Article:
"Filidh" is a Scots-Gaelic word deriving from proto-Celtic and meaning "seer" or "seeing".

There is reason to believe that the "Filidhs" were people who worked in society as prophetic poets and philosophers who foretold the future in verses and riddles, rather than in simple poetry. The word could also be written like this: "file". 

The Filidhs kept the oral traditions of the pre-Christian Ireland alive. Telling stories by verses accompanied by music would make people better understand and remember the messages they wanted to get through.Their deeds were not only meant to entertain but also to teach. 

Another group of poets was called bards, and the Norse culture had a similar function called "skalder". Snorri Sturlusson became the most famous among them for writing his "Edda". 

Many of the filidh's manuscripts have survived and can tell us something about druids, Celtic religion and the Celtic world. 

You can find out more about the Filidhs at the digital gaelic dictionary Dwelly-d


Under the Leaves is a series of articles about the subjects that inspired the poetry in "The Dragon Leaves".

You can buy "The Dragon Leaves" on Amazon.

fredag 21. mars 2014

Now available on Amazon

now available on Amazon

For all the facebookers: You can now follow my brand new author page here

onsdag 19. februar 2014

GodBok! - MIdTANIA, Mytania: BERGEN, menneskehetens tilfluktssted av Bernard AFFLATET

Jeg vil bare dele en skikkelig god bok-opplevelse jeg hadde her om dagen, da jeg kom over en bra bok av en, for meg ny forfatter, ved navn Bernard Afflatet.

Hovedpersonen i boka har fått i oppdrag å reise ut i verdensrommet for å lete etter liv. Siden universet er så enormt stort, ja, uendelig, så virker ikke loven om tid på samme måte der ute. Chris Nolan (hovedpersonen) vil være borte svært lenge og verden vil se helt annerledes ut når han kommer tilbake, uten at hans kropp har blitt nevneverdig eldre.

Når han kommer tilbake på Jorda, så er den øde. Menneskeheten er tilsynelatende utslettet. Han reiser rundt i fartøyet sitt og til slutt finner han et sted hvor han treffer folk. Han kommer til Bergen; menneskehetens tilfluktssted.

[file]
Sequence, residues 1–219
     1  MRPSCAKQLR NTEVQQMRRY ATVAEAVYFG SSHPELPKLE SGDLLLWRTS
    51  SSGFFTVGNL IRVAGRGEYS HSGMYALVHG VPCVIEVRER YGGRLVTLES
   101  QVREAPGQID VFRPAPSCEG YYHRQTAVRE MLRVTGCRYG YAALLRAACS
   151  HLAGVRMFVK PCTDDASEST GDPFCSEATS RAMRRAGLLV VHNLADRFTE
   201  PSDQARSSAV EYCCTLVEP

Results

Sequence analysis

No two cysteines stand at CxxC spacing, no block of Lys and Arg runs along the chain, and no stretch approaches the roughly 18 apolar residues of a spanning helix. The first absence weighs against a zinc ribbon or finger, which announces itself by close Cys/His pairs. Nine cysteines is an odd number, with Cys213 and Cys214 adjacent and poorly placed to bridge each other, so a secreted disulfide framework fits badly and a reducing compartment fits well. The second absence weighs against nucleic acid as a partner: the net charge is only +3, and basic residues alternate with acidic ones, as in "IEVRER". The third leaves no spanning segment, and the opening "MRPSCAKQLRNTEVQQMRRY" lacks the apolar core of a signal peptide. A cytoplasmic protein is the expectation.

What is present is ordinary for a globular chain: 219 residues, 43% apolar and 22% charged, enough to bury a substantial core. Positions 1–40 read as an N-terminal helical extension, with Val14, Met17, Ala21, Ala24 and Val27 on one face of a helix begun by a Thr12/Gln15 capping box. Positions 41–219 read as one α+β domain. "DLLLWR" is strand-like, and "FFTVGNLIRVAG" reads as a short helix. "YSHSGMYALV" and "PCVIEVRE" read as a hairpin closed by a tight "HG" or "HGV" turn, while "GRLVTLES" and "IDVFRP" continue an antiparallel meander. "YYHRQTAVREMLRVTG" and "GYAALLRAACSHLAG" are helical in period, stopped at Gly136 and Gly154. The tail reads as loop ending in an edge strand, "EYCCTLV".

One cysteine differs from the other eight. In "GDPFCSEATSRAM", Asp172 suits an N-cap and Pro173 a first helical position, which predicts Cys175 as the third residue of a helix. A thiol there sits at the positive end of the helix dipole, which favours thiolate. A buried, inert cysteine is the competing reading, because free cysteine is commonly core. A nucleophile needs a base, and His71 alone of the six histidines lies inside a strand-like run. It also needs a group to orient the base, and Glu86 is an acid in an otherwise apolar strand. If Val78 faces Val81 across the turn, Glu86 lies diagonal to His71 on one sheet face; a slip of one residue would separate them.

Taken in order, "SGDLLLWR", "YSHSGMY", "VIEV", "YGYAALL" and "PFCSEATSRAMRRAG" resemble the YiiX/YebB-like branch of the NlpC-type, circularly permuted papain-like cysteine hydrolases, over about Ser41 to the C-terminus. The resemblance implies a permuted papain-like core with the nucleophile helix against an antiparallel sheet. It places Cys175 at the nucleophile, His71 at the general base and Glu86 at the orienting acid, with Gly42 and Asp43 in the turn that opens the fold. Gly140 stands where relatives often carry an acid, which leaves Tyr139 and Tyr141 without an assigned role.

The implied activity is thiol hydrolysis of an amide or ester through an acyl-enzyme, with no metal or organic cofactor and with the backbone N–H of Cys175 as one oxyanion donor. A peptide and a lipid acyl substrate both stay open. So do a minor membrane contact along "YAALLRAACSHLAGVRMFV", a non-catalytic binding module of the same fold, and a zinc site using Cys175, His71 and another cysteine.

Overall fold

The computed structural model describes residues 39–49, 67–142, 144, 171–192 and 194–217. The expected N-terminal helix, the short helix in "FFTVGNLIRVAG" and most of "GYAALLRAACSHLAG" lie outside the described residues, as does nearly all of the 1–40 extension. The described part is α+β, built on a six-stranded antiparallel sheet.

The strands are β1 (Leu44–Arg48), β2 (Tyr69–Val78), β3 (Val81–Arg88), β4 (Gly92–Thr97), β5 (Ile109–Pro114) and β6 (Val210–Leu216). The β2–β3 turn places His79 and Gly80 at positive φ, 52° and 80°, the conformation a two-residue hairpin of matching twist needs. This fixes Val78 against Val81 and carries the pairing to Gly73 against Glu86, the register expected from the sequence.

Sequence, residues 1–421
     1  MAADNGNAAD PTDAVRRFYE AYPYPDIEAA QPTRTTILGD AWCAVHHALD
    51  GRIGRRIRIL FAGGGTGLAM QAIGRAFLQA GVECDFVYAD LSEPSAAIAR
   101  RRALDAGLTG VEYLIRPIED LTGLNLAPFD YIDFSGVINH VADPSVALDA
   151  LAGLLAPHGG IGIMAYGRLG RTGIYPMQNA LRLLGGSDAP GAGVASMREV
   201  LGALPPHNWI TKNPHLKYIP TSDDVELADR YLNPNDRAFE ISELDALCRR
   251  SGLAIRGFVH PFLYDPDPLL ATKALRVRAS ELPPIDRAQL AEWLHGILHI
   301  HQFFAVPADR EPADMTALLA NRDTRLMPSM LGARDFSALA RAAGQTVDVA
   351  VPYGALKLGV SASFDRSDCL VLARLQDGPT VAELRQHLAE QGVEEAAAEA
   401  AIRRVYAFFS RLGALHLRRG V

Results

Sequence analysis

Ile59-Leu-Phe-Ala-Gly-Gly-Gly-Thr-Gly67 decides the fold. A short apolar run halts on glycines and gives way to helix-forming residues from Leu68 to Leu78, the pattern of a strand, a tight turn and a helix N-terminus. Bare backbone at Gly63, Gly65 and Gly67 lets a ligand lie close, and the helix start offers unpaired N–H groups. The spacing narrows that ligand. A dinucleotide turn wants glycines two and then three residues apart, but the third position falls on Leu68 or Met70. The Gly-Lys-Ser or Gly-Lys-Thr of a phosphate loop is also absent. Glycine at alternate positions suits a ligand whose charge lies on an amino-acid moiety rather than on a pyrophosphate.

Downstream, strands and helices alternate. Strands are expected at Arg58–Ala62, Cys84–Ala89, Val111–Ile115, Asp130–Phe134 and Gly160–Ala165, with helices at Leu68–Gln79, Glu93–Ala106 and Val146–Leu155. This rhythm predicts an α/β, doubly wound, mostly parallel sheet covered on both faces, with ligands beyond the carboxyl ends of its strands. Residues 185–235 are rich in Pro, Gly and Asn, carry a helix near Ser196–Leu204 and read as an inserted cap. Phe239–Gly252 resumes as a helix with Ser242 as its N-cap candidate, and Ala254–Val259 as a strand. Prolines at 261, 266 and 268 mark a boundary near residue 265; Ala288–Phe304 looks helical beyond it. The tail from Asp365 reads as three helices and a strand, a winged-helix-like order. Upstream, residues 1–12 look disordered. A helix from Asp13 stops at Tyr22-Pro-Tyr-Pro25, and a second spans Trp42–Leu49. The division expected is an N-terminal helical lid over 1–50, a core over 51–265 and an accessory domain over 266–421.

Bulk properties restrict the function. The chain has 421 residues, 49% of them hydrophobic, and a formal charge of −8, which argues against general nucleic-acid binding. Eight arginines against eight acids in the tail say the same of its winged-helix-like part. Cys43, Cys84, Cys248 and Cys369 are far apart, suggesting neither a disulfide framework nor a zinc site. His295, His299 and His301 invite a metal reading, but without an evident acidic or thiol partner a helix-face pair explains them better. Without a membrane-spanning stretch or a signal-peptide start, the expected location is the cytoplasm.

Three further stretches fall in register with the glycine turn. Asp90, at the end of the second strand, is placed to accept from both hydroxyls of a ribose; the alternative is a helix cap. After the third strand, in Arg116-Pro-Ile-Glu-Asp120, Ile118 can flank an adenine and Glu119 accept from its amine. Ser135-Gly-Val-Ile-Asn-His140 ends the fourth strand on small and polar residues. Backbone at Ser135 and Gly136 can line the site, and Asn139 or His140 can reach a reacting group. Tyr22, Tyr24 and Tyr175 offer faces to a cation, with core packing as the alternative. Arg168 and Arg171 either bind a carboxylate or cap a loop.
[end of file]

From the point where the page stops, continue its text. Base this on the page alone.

Boka er drivende godt skrevet, vanskelig å legge fra seg og inneholder høyst aktuelle temaer i dag, til tross for at det er en science fiction-bok.

I "The Dragon Leaves" fant menneskene tilflukt på Filefjell, Afflatet har plassert de i Bergen. Det er ikke så veldig langt mellom de to plassene.

Boka kan kjøpes her:

lørdag 15. februar 2014

Oppdatering - Research til ny bok er i gang

For tiden er jeg i kontraktsforhandlinger om "The Dragon Leaves". Det blir spennende å se hva som kommer ut av det, og i mellomtiden driver jeg research til en ny bok. Tittelen er ikke klar ennå, men jeg regner med at det blir nok en samling med  vignetter.

Jeg har ikke skrinlagt idèen om å gi ut "The Dragon Leaves" i romanform, det er bare lagt litt på vent, siden jeg er så dratt mot vignetter om dagen. Jeg kjenner at jeg må følge den tråden som jeg har foran meg akkurat nå, men i edderkoppnettet finnes mange tråder og de møtes alle et sted, så her er det mange veier å gå etter hvert.

Jeg går nå et halvårskurs i regi av Kvinneakademiet, hvor vi lærer masse om Gudinnens rolle i historien. Det er kjempespennede, inspirerende og er en fantastisk kilde til det som jeg ser for meg at skal bli et verk om den store gudinnen. En samling tekster om den sovende Tornerose. Mon tro om det ikke snart har gått hundre år?

Trolltreets tvinnende turuer
Røttenes regnbuefugl
Krokodillen krones av kongen
Dødsdømte dyr dvaler der